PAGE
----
Retirement income covenant position paper released

The Government has released its retirement income covenant position paper for consultation.

It said the covenant would codify the requirements and obligations for superannuation trustees to improve retirement outcomes for individuals, while enabling choice and competition in the retirement phase.

The paper outlined the fundamental obligations of trustees to formulate, review regularly, and give effect to a retirement income strategy.

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The strategy, it said, would be a strategic document developed by the trustee to outline their plan to assist their members to achieve and balance objectives which were:

  • Maximise their retirement income;
  • Manage risks to the sustainability and stability of their retirement income; and
  • Have some flexible access to savings during retirement.

“Requiring trustees to have a retirement income strategy ensures that they identify and recognise the retirement income needs of the members of their fund and have a plan to build the fund’s capacity and capability to service those needs,” the paper said.

“The strategy should reflect a trustee’s broad understanding of their membership, either for the members of the fund as a whole or for cohorts of members. The characteristics of these cohorts are at the discretion of trustees but could be determined by factors such as superannuation balance, home ownership status, partnered status, or age of retirement.”

The paper outlined a summary of obligations and discretions of trustees that included:

  • Core obligation;
  • Member coverage by the strategy;
  • Sources of retirement income;
  • Maximising retirement income;
  • Managing risk;
  • Flexible access to savings;
  • Balancing strategy objectives; and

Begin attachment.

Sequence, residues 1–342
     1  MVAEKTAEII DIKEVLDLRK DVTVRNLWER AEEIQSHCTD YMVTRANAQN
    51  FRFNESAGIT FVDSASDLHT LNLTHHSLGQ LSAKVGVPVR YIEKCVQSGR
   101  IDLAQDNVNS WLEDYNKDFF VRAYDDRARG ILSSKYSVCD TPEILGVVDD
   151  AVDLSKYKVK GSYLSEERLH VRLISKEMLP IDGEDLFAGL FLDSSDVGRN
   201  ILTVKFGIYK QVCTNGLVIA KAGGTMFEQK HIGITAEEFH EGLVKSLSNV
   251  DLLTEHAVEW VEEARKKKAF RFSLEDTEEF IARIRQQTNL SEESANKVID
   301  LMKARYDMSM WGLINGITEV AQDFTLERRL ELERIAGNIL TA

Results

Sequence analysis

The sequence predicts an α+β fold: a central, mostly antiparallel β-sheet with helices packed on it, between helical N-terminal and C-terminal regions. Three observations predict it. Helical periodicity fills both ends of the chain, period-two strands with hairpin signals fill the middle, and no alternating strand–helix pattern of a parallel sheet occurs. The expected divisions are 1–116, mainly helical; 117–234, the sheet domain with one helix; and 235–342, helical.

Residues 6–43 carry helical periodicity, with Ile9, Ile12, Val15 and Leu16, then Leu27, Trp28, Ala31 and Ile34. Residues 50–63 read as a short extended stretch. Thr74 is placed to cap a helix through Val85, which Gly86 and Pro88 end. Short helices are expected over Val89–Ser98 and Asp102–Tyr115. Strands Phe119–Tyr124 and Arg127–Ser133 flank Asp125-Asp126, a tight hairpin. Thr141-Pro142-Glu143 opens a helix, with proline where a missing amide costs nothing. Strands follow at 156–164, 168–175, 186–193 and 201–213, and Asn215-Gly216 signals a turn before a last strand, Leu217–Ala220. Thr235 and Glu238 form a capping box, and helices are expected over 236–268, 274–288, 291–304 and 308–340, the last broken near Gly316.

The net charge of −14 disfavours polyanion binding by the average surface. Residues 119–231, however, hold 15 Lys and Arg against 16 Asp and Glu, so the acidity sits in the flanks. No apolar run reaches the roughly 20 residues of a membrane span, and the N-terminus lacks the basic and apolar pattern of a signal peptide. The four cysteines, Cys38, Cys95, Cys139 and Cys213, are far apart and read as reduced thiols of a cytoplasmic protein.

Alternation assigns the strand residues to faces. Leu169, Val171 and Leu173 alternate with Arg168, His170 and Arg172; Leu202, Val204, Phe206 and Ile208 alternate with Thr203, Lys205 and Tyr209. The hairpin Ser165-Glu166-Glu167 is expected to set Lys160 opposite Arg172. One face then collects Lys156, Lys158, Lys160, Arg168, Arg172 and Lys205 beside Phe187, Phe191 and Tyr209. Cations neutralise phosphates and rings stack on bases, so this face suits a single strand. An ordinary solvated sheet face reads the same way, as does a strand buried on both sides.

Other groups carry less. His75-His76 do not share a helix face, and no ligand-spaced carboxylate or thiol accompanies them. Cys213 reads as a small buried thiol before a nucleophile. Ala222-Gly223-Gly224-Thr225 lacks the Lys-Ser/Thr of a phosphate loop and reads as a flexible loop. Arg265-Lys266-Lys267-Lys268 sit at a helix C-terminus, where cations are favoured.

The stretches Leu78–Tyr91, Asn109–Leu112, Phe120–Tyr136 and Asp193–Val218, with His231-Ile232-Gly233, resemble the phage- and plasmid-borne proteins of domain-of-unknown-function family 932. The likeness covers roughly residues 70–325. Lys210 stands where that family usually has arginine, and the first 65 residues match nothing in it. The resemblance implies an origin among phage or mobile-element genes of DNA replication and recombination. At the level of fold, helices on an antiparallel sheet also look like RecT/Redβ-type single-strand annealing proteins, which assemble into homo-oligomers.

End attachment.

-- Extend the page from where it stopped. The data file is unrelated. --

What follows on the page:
• Reviewing the strategy.

The Government said it would consult further on exposure draft legislation later this year. Subject to the passage of legislation, this covenant would commence from 1 July, 2022.

The consultation of the paper would close on 6 August, 2021.




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Another nail in the coffin for professional financial planners!!! Thanks to the amazingly incompetent Liberal Party, super funds will eventually be able to give even more general advice about "retirement strategies" without the need for personalised financial advice.... what could possibly go wrong???

Maximizing retirement savings is easy. Reduce exposure to low return assets (ie cash and bonds), and stop people taking large lump sums out of their super. It is in the clients best interest as well.... So what has the greater legal priority? Investing according to the conservative client investment profile and processing their request to take out $100,000 to enjoy a holiday, or the best interest duty to act in their best interest?

What conservative return could I receive on Aus $20 million per month. I am not being complicated no questions very basic please, thank you.

Will talk more in-depth near to the time of transfer.

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